23 MAI 2018: Loch Lomond - Rhoudias - Ilfracombe -
INSTITUT SUPERIEUR D'ANTHROPOLOGIE
INSTITUTE OF ANTHROPOLOGY
ONLINE COURSES / COURS A DISTANCE
SUMMER TERM : JULY 2018
ROYAUME UNI – Loch Lomond - Archaeologists have traced a series of lost settlements around Loch Lomond for the first time. More than 80 sites were found on the western shores of the loch and through the straths of Arrochar, with remnants of homes, byres, shielings, farmsteads and possibly a mill recovered. The vast majority of sites were previously unknown with the remnants largely scattered over 30 settlements, many which have not been mapped before. Also discovered was a possible watchtower on Tarbet Island, which sits to the north west of the loch, which may have been used by clansmen to monitor activity on the water. Early 17th Century almhouses on the western shore at Creag a’Phuirt, which sits opposite the former seat of Clan MacFarlane on the island of Elanvow, has also been pinpointed.
CHYPRE - Rhoudias - New finds including stone tools, pictographs, jewellery and animal feed have been uncovered during the latest excavations at a Neolithic site in the Troodos mountains by a research team from the department of history and archaeology at the Aristotle University of Thessaloniki (AUT). The Rhoudias site is situated in the south foothills of Troodos near the Xeros River in the Paphos District and the project comes under the direction of Professor Nikolaos Efstratiou from AUT, an announcement said. The new finds were discovered some metres away from an earlier hunter-gatherer settlement named Ayios Ioannis/Brescia-Rhoudias, which has been excavated by the same archaeological team for a number of years. The new location has been named Ayios Ioannis/Brescia-Ano Rhoudias and according to the initial evidence, was an agricultural settlement, “the extent and exact nature of which is still under investigation,” the antiquities department said.“This new evidence confirms that the mountainous hinterland of Cyprus is equally important to the research interests as the lowlands and mainly coastal areas as far as the early prehistory of the island is concerned,” it added.“It should be noted that stone tools and vases found in the wider area had preceded the archaeological research, confirming the estimation of the archaeologists that in the early prehistoric years, Troodos was not an area of exclusively seasonal and marginal activities, such as hunting, but also had a permanent presence of farmers and breeders from groups that among other things were characterised by intense mobility, and the movement of raw materials”. Part of the Troodos digs is to explore the area’s environmental dynamics, which the antiquities department said must have greatly affected the decisions made by the hunter-gatherer groups who seem to have visited this area frequently throughout the island’s early prehistory (10,000 – 6,000 BC). The finds so far in the area as a whole have reinforced the view that the particular river terrace in the Troodos mountains, next to the Xeros, was repeatedly visited by groups of hunter-gatherers who remained at the site for an unknown period each time, and whose trip was part of a route from the coast to the mountains and vice-versa but, according to the latest discoveries, also had permanent settlement. The department stressed however that the “absolute dating from the Roudhias site” was still pending.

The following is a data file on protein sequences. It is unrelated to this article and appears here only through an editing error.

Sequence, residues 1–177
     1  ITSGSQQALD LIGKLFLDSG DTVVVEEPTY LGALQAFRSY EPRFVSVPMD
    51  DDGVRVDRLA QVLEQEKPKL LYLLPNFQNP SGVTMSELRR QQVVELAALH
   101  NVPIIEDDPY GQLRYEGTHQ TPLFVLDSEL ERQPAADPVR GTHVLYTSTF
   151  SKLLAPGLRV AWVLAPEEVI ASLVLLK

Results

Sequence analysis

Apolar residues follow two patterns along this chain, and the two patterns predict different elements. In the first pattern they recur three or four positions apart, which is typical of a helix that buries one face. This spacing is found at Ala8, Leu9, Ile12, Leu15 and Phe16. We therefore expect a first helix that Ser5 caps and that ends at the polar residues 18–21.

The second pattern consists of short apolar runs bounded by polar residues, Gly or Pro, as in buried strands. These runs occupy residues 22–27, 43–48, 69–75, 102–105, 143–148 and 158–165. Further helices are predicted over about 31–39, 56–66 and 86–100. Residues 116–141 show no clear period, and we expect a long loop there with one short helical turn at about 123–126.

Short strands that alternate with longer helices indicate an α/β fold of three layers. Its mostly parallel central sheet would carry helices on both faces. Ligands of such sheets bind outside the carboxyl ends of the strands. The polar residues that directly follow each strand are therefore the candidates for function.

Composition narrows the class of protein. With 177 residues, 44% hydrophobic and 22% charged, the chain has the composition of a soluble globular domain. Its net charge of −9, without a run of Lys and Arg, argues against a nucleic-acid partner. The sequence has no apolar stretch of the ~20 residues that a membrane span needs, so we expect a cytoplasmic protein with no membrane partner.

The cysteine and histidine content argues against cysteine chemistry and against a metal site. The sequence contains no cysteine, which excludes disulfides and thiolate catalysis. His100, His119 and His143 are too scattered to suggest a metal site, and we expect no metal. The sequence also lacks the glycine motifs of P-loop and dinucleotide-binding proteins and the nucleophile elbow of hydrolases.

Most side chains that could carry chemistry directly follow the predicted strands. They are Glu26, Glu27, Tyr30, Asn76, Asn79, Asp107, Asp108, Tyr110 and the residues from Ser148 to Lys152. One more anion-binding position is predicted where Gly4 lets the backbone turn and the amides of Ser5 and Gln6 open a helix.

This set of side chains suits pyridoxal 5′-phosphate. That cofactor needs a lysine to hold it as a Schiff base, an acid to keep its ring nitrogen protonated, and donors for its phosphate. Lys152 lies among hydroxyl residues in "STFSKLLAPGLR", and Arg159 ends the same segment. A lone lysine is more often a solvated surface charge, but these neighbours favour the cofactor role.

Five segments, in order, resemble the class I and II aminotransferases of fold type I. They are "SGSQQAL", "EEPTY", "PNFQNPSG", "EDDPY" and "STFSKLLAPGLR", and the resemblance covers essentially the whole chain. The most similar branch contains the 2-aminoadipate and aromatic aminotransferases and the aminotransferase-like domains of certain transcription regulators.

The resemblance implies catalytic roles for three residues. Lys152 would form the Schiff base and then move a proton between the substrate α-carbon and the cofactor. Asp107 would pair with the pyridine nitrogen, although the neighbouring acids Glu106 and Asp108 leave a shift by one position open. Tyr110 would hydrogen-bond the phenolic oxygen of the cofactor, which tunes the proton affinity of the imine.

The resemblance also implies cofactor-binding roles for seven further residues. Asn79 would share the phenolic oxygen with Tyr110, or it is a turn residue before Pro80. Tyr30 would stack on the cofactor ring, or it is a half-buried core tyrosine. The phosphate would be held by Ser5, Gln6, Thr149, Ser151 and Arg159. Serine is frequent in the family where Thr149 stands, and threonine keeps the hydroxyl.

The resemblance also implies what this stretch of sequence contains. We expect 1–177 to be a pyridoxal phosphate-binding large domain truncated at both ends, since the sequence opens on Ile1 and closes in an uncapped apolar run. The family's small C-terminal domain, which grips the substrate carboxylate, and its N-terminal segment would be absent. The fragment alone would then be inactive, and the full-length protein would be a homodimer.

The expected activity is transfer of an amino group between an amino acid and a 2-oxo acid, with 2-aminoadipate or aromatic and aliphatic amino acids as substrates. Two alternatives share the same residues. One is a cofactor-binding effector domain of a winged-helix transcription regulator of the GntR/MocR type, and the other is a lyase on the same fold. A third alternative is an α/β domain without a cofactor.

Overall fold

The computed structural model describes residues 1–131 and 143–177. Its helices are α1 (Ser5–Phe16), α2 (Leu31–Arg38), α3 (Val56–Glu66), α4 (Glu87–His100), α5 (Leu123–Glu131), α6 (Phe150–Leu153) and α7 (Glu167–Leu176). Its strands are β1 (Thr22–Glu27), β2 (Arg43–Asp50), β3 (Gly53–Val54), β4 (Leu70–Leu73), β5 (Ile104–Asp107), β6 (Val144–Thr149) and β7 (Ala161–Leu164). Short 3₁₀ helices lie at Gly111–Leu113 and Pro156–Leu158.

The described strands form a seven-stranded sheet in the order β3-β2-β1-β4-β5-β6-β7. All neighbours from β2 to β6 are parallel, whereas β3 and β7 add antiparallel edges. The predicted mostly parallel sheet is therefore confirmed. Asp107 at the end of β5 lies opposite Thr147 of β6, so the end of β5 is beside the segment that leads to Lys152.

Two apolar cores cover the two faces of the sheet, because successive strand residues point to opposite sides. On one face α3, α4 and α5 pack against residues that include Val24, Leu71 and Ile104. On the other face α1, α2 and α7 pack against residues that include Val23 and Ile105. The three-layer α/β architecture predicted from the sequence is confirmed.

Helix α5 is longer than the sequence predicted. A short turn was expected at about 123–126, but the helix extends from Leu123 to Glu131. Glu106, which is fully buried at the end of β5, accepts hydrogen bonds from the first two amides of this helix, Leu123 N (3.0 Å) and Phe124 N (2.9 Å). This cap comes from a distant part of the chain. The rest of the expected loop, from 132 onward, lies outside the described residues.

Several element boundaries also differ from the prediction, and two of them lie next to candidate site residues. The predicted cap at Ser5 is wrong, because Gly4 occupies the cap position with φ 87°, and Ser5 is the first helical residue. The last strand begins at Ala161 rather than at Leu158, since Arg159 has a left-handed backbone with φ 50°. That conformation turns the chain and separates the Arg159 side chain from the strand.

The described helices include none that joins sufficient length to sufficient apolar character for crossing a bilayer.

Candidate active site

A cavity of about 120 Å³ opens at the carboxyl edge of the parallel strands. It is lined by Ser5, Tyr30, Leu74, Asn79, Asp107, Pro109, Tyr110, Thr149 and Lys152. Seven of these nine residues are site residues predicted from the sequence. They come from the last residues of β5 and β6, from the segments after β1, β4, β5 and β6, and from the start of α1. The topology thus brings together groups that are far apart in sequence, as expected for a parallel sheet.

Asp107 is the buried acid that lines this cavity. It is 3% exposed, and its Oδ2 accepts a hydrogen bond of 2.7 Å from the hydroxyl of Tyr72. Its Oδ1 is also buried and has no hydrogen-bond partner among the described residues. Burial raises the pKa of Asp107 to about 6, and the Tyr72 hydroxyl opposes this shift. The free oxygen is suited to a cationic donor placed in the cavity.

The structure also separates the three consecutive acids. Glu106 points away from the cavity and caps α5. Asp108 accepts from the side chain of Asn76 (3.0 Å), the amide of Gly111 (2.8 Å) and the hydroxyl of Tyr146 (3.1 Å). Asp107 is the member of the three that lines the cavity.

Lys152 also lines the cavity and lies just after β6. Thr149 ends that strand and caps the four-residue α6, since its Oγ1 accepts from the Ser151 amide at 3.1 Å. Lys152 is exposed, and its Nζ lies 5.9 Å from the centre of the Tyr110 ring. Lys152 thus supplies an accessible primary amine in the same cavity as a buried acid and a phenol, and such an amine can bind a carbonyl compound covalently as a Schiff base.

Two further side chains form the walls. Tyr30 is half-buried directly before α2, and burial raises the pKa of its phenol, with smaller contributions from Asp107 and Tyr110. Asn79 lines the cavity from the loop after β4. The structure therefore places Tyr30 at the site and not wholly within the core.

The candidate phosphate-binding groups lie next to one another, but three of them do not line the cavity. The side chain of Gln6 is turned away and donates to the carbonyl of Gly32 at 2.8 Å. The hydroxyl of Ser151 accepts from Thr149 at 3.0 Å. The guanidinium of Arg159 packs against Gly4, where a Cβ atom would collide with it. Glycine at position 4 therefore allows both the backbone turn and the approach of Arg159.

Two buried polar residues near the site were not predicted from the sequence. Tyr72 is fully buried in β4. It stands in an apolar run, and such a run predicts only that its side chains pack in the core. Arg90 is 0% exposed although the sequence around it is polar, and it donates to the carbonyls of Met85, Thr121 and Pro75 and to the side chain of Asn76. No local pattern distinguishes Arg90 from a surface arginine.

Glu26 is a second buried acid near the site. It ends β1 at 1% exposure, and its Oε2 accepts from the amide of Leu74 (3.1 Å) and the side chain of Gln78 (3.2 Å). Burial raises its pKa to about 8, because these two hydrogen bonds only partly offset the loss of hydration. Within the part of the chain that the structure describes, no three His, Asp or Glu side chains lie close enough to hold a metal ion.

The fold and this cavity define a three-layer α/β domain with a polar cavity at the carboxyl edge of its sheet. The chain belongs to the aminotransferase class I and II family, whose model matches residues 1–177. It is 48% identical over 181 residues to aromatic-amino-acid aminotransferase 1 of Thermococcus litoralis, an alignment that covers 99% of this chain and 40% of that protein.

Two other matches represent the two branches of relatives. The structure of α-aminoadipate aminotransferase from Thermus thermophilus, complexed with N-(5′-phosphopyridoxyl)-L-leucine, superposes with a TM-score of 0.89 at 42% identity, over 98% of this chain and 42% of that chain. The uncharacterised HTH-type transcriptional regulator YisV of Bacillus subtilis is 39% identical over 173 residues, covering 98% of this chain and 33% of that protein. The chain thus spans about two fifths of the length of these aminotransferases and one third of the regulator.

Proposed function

ROYAUME UNI – Ilfracombe - A film crew and archaeologists have been exploring the mystery of the infamous ship wreck of The London at Rapparee Cove in Ilfracombe. Investigations led by Professor Mark Horton of the BBC’s Coast fame have focussed on the beach and possible underwater sites of the 1796 wreck, working over the weekend to take advantage of the low tides. Many believe the ship was carrying around 60 black slaves when it wrecked one October afternoon while travelling from St Lucia to Bristol and in 1997 Prof Horton and local historian Pat Barrow led a dig which found human bones on the beach. It is thought as many as 60-100 bodies might still lie beneath the cliffs and has long been debated whether the victims were slaves or perhaps prisoners of war.